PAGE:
There is a bewildering variety of backpacks on the market today, and considering that every prepper worth the name will have a bug-out bag packed and ready for any eventuality, choosing a backpack is a pretty big deal. Compared to decades gone by, sometimes the distinction between various types of backpacks and their intended roles is not so clear.
Several cutting-edge, technical hiking and expedition backpacks look like something off of a science fiction movie set, and hulking, super-tough military rucksacks can hold everything plus the kitchen sink with room left over. Many articles will refer to “tactical” backpacks or “hiking” backpacks, sometimes even using them interchangeably. So, this begs the question:
What is the difference between tactical and hiking backpacks? Tactical backpacks emphasize durability, low observability, and expansion through mission-specific storage capability made possible by PALS webbing, or other attachment systems. Hiking backpacks emphasize comfort, carrying capacity and light weight, typically in a variety of aesthetically pleasing high visibility colors and patterns to help the carrier remain visible to friends and rescuers alike.
But, as mentioned, there is significant overlap between the two, and some entire brands of backpack have built their reputation on fusing the best characteristics of each. In the remainder of this article we will look a little closer at the distinctions between hiking and tactical backpacks.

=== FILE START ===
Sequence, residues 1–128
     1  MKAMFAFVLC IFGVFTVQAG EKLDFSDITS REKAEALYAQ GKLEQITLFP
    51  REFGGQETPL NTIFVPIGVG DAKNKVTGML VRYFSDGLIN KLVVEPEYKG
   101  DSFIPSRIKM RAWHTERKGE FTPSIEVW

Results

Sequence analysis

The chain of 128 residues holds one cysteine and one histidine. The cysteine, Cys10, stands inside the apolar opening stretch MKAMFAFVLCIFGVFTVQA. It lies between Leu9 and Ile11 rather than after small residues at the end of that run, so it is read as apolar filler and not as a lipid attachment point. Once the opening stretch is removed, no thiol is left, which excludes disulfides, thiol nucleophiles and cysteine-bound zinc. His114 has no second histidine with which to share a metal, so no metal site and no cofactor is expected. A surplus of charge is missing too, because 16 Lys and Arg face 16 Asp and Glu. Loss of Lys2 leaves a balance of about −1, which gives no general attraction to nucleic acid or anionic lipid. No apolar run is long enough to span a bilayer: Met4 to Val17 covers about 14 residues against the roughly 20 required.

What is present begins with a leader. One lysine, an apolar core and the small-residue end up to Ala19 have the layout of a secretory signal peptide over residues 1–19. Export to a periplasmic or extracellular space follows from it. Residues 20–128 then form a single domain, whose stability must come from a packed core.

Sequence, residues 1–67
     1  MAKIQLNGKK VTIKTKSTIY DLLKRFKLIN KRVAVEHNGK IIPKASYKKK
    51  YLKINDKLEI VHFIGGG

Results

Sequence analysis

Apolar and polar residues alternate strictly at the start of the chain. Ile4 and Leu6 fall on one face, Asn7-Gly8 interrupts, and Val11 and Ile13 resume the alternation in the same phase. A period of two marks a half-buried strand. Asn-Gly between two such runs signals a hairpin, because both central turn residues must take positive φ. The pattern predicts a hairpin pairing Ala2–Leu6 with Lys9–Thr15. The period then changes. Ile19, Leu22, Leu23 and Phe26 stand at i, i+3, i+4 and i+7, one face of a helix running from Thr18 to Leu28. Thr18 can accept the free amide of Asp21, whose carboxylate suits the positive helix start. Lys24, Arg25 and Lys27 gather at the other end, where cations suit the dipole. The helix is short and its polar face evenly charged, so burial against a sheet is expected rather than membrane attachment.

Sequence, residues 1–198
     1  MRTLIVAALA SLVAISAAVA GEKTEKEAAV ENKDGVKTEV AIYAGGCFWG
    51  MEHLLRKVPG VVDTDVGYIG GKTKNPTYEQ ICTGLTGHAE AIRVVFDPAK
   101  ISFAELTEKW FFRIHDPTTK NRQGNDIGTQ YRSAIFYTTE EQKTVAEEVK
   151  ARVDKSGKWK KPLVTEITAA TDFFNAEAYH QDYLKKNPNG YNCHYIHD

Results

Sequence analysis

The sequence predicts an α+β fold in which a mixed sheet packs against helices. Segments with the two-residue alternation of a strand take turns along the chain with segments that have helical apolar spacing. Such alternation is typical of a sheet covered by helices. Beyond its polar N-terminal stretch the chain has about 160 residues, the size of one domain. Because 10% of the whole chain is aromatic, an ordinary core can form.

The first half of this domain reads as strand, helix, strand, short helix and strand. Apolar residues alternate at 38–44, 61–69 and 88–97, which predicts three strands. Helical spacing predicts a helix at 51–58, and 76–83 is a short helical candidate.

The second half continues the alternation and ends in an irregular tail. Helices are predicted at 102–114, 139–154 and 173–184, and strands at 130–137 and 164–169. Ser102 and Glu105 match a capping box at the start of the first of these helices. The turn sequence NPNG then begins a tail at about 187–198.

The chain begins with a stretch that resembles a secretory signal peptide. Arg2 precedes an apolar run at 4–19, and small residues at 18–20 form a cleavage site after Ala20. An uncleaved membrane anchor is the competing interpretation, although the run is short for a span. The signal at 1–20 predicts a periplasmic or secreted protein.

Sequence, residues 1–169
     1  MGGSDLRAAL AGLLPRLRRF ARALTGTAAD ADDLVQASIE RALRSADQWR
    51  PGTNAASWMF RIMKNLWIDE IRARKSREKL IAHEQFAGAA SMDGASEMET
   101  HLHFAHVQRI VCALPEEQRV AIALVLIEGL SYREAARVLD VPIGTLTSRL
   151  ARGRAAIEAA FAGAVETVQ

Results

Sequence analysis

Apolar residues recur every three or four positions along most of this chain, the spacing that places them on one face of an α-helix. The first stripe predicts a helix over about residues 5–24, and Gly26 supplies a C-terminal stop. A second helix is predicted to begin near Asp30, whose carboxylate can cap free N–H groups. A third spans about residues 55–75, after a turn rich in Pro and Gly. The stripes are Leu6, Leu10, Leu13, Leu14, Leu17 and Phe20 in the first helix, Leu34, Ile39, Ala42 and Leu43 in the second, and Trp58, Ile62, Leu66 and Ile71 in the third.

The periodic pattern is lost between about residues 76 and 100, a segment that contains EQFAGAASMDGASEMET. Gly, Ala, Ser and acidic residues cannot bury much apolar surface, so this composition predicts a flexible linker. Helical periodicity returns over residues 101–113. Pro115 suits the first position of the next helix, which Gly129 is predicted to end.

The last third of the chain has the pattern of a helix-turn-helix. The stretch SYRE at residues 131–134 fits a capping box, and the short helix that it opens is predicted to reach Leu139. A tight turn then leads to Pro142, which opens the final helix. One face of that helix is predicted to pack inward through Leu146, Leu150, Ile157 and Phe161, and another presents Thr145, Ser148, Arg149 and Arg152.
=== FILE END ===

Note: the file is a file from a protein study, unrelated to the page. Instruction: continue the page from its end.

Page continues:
Perhaps the single biggest difference between hiking-specific and tactical use backpacks is their durability, and this durability is typically made possible by the use of heavier and more rugged materials.
Military backpacks are often encountered made from 500d, or 1000d ballistic nylon, a heavy-duty material that can withstand a considerable amount of heat, abrasion and friction before failing.
Older, surplus military backpacks from eras gone by were made from heavy canvas or similar fabric blends. Though these material options do lend military backpacks a ruggedness that is hard to match, it drastically increases the weight of an empty pack, and therefore the overall load.
Compared to military backpacks, most hiking and technical backpacks are made from increasingly advanced but paper-thin in flyweight materials that afforded excellent strength for their thickness.
If constructed properly, you won’t have to worry about these thin materials blowing out, but you should also not expect them to put up to the rigors of use that would be expected on a battlefield, or in a military theater.
Put another way, a tactical backpack can withstand more outright abuse than an equivalent hiking backpack, but it does so at the cost of increased weight.
Though we have seen the prevalence of MOLLE attachments and PALS webbing migrate through the rest of the backpack industry from the military packs that spawned it, tactical backpacks still rule the roost when it comes to expansion capability.
Most of these backpacks will have PALS webbing or other attachment slots on every available surface that is not already occupied by a strap, buckle or zipper.